Tag Archives: reading

I completed my reading challenge!

Hello from the sick bay!

This is a post I’ve been working on for quite a few weeks. I’m currently wiped out by a chest and kidney infection, but I’m feeling like I’m coming out of the other side now. so I thought I’d update the old blog to stop me dying of boredom. I’m going back to the doctors later on today where they will decide if I need shooting or not.

Anyway. As those of you who know me will know that I love to read. I’ve always loved reading and I’ve spent a lot of time with my head in a book. Every year I set myself a reading challenge on the goodreads app. This year, I decided I wanted to read sixty books. I realise this sounds a lot, but my biggest achievement so far was reading 78 books in 2015, so for me, it seemed manageable.

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Bloody hell, that’s a lot of pages.

2017 was a big year for us, because we got married! In terms of my reading though, this really didn’t help. I found the wedding planning incredibly stressful, and for one of the first times in my life, I found myself unable to read! The wedding was on my mind so much that every time I picked up a book, I’d just stare blankly at the text whilst my brain was tackling seating plans, or a food bill etc.

So there was a few months during the summer when I didn’t read a word. Then, as a wedding gift, my brother Jacob bought us a copy of “The Gigantic Beard That Was Evil” and it was exactly what I needed. Once the wedding dust (confetti?) had settled, I started reading again by tackling some graphic novels, then easing myself back in.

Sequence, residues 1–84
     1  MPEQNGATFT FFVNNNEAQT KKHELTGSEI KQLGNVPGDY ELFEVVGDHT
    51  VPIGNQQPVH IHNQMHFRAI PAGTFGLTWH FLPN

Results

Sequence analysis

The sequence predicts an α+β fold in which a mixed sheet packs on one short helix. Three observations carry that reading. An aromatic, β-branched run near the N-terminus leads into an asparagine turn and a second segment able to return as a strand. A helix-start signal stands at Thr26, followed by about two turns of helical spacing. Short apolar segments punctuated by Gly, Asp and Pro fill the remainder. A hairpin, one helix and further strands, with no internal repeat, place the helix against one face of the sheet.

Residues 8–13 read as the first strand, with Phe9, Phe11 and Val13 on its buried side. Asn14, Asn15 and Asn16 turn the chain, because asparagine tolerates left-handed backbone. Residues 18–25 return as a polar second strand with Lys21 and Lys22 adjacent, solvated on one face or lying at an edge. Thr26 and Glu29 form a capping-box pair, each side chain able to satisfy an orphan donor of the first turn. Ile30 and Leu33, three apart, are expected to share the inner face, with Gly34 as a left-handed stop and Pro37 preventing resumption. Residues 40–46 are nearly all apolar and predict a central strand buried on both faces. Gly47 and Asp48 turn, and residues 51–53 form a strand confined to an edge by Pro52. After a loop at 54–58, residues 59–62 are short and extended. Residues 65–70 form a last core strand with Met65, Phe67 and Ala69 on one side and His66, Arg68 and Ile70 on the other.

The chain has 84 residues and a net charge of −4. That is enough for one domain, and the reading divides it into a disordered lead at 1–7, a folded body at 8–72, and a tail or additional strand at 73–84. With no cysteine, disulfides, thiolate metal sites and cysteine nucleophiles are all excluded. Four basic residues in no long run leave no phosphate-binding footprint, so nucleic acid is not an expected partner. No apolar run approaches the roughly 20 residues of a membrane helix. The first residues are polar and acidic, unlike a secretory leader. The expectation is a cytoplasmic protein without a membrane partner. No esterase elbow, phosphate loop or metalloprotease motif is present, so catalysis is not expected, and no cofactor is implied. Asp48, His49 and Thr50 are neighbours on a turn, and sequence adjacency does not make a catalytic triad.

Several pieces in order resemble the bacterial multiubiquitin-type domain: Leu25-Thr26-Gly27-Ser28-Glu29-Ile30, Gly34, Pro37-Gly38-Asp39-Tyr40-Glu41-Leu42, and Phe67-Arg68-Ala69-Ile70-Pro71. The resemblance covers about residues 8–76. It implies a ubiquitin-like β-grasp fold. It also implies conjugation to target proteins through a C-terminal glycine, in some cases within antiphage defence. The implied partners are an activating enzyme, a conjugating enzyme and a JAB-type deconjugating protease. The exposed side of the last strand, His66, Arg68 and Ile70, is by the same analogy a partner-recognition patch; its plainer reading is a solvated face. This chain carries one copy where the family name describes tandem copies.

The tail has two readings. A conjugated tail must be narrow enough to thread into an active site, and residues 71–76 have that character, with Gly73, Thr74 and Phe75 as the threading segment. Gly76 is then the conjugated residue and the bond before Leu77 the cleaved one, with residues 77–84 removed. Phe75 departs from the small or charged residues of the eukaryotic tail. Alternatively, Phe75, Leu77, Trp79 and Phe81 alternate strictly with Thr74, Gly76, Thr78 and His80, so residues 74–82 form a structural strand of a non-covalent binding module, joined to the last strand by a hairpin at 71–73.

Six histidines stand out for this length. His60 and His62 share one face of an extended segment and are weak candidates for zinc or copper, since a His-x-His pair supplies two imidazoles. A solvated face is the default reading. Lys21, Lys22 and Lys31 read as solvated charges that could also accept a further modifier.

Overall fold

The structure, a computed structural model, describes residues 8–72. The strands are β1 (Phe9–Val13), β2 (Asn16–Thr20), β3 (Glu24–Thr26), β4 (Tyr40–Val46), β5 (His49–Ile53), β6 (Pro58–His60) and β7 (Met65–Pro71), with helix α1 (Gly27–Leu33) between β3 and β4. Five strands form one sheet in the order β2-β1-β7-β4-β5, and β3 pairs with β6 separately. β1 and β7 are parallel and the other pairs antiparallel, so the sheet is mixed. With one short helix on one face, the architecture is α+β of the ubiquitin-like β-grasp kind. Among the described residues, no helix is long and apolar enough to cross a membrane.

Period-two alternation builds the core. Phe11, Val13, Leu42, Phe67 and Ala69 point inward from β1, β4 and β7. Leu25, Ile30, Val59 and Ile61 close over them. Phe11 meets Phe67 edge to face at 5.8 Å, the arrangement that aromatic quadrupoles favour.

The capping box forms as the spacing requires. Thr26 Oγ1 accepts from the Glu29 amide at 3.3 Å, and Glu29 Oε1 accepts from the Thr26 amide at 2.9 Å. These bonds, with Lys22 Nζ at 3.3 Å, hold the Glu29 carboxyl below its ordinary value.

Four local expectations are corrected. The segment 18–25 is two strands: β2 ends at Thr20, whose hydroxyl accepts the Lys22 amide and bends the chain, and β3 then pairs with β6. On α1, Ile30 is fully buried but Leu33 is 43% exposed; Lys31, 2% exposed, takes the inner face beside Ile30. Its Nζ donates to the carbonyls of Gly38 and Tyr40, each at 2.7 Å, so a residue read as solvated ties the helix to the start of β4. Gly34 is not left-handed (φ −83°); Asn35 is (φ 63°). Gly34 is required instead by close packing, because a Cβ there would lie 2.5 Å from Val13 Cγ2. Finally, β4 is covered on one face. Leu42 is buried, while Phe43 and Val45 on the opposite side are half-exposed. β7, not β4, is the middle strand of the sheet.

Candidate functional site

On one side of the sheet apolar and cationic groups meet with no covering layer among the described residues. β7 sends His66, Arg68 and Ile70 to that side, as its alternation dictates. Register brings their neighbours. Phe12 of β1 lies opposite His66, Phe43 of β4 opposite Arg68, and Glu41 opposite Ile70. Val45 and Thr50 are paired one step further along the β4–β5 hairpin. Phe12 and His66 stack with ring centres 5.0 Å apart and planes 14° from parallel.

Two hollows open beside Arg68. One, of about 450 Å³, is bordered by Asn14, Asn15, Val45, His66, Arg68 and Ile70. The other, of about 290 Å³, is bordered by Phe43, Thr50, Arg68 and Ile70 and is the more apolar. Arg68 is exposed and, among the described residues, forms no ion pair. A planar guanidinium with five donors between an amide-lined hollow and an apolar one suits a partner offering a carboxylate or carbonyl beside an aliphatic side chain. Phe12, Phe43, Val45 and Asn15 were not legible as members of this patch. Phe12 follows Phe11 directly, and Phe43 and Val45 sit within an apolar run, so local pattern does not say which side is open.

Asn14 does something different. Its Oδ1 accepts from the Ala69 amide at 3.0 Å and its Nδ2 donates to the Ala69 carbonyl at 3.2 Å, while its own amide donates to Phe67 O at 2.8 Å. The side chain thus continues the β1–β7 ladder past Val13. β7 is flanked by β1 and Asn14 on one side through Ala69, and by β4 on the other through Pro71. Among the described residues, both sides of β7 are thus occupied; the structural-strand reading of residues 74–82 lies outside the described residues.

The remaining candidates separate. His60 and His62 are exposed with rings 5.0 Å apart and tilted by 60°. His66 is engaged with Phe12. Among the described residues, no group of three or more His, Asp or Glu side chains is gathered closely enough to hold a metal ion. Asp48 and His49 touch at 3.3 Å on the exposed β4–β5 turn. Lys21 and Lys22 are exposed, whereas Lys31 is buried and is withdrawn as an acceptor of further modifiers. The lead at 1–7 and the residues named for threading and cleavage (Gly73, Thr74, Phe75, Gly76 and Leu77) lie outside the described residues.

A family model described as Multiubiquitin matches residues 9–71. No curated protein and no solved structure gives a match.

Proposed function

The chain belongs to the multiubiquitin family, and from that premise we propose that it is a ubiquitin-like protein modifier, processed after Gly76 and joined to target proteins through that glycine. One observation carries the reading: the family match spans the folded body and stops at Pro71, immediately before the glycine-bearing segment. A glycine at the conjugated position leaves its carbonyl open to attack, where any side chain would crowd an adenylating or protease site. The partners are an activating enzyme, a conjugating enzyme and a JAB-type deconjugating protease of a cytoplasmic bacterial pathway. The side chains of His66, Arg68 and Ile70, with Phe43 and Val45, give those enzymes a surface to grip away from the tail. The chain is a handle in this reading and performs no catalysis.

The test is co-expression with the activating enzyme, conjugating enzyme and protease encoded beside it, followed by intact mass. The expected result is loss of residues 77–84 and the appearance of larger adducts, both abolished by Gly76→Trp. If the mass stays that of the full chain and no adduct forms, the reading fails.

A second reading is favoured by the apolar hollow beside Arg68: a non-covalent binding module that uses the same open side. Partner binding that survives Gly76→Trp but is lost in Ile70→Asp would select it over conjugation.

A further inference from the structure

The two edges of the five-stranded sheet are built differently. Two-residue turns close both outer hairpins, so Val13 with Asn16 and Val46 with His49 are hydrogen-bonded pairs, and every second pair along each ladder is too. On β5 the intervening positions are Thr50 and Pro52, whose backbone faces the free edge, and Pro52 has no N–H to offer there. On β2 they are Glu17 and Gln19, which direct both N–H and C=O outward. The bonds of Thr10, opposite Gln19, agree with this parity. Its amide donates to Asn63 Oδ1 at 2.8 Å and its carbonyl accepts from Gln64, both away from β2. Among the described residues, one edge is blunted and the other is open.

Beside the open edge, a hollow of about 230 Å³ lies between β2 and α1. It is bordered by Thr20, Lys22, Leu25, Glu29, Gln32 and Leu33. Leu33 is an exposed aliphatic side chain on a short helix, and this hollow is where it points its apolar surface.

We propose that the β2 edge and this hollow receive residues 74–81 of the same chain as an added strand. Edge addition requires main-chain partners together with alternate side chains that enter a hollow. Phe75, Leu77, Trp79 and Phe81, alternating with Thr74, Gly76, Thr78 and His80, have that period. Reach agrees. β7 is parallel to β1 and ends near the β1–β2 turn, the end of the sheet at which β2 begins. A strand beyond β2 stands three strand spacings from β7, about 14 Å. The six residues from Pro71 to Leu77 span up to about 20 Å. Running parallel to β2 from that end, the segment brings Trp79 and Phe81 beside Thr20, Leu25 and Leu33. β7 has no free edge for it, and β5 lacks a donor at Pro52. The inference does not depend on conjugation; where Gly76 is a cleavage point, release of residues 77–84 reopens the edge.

This reading hiatus left me really behind on my challenge, so I told myself “50 pages a day if you’re working, 100 pages a day if it’s a day off” and I got there in the end!

Here’s all the books I read this year. (The ones in bold were my favourites, which I’ve (very briefly) reviewed below the list, and italicised ones were audiobooks).

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  1. The Martian by Andy Weir
  2. My Dear I Wanted To Tell You by Louisa Young
  3. The Girls by Emma Cline
  4. Pretty Iconic by Sali Hughes
  5. Dark Places by Gillian Flynn
  6. So Much For That by Lionel Shriver
  7. A Short History of Tractors in Ukrainian by Marina Lewycka
  8. Me Talk Pretty One Day by David Sedaris
  9. Carrie’s War by Nina Bawden

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10) Pure by Andrew Miller

11) The Light Between Oceans by M.L. Steadman

12) The Trees by Ali Shaw

13) The Year of Living Danishly by Helen Russell

14) Maus by Art Spiegelman

15) Harry Potter and The Prisoner of Azkaban by J.K. Rowling

16) A Little Life by Hanya Yanagihara

17)Rose Madder by Stephen King

18) A Fine Balance by Rohinton Mistry

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19) When The Floods Came by Clare Morrall

20) Like A Queen by Constance Hall

21) Ctrl, Alt Delete: How I Grew Up Online by Emma Gannon

22) The Gigantic Beard That Was Evil by Stephen Collins

23) How To Understand Israel in Sixty Days or Less by Sarah Glidden

24) The People At Number 9 by Felicity Everett

25) Domina by L.S. Hilton

26)Harry Potter and the Goblet of Fire by J K Rowling

27) Beautiful Bodies by Kimberley Rae Miller

 

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28) The Stepford Wives by Ira Levin

29) He Said/She Said by Erin Kelly

30) Rough Music by Patrick Gale

31) Harry Potter and The Half Blood Prince by J K Rowling

32) The Children Act by Ian McEwan

33) Habibi by Craig Thompson